New alarm management and key performance indicator (KPI) reporting software for process plants and utilities companies has been launched, which provides clear, relevant and prioritised information to plant operators, supervisors and managers, enabling them to make better informed decisions about their processes and plant safety. The new software, ProcessVue from Asgard Technologies UK, is now available in the UK through local distributor M.A.C Solutions (UK)
The software is targeted at process engineering industries, including energy and power, metal processing, nuclear, utilities, chemicals, oil and gas, transportation, and facilities management companies.
ProcessVue combines the latest communication, data logging and reporting technologies. It can be used as a standalone application or to bring together multiple disparate systems onto one common platform.
Tim Ricketts, general manager at M.A.C Solutions UK comments: “Our customers need help in collecting, managing and reporting on alarms. This includes centralising alarms from multiple, disparate systems around the plant or across several sites. A typical small process plant may have up to 5,000 different alarms. An offshore platform or petrochemicals refinery can have between 20,000 and 250,000 alarms, which can become a very challenging IT integration issue.”
EEMUA 191 Guidelines
Since its establishment in 1991, EEMUA 191 has become the globally accepted standard for good practise alarm management. ProcessVue reporting is based on EEMUA 191 guidelines. To establish an alarm management system based on these guidelines or to ascertain if a current system is operating effectively and within the guidelines, alarm data must be collected and analysed on a continuous basis. Bringing this data into a usable format for control room operators and reporting on it to alarm managers are two critical functions.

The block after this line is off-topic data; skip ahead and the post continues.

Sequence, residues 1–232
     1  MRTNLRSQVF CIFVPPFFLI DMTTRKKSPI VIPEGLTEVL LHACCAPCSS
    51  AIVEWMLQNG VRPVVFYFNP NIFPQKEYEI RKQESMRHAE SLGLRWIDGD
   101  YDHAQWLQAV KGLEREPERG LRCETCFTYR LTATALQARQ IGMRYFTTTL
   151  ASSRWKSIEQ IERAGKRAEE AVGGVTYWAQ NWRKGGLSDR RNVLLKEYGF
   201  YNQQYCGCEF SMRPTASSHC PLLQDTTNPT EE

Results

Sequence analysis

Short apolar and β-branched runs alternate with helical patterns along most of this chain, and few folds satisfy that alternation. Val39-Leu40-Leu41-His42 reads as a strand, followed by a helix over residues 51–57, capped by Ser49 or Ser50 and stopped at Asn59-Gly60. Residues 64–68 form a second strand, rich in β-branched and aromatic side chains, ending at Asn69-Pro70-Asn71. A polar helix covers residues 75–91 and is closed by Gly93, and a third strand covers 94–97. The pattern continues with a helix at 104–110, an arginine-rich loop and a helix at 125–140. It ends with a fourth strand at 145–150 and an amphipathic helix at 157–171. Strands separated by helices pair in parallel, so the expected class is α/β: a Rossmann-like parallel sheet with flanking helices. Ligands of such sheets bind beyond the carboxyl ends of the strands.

ProcessVue is already being piloted by some major UK-based nuclear and energy utility companies. As Ricketts points out: “These types of companies are keen to improve their alarm management with a view to making more informed decisions about their plant and processes in terms of KPIs.
There is also the issue of health and safety. How a company manages and reacts to critical process alarms could save lives. This is where ProcessVue comes into its own. All the alarm sources are put into a standard, open format so operators and managers can view the KPIs without anyone having to write complex code or script.”
Like all products from M.A.C Solutions, ProcessVue is based on open technologies. The software uses the latest .net technology from Microsoft, ensuring compatibility with customers’ operating systems. ProcessVue uses the industry standard SQL database, TCP/IP system architecture and the latest Ajax ‘Zero Footprint’ web-based clients.
“ProcessVue’s architecture has been designed to enable interfacing with almost any control system, bringing all data into a standard configurable format,” explains Ricketts. “This allows simple operator sequence of event (SOE) display and high level KPI reporting and analysis.”
The ProcessVue Analytics feature is a business intelligence software module, offering a range of high level reporting features, including event reporting, frequency analysis, standing and chattering alarm reporting, KPI dashboards, operator response times and customised reporting. ProcessVue can use the latest 64-bit operating systems to perform superfast ‘in-memory analysis’ on vast amounts of data. All active software components run as a Windows service, enabling servers and collector PCs to be logged out for secure operation. Connectivity to third party applications and systems is made easier by using a flexible ‘reconstructor module’. Legacy alarm management systems such as iMAC can benefit by having previously unusable alarm strings reconstructed into a simple format.
As Ricketts concludes: “The 1994 explosion and fires at Texaco’s Milford Haven refinery injured 26 people and caused damage of around 48 million pounds and significant production losses. The key factors that emerged from the investigation were that there were too many alarms that were poorly prioritised. In addition, the control room displays did not help the operators to understand what was happening. In the last 11 minutes before the explosion occurred, the two operators had to recognise, acknowledge and act on 275 alarms. By implementing a common software platform for alarm management and reporting, disasters such as this can be avoided.”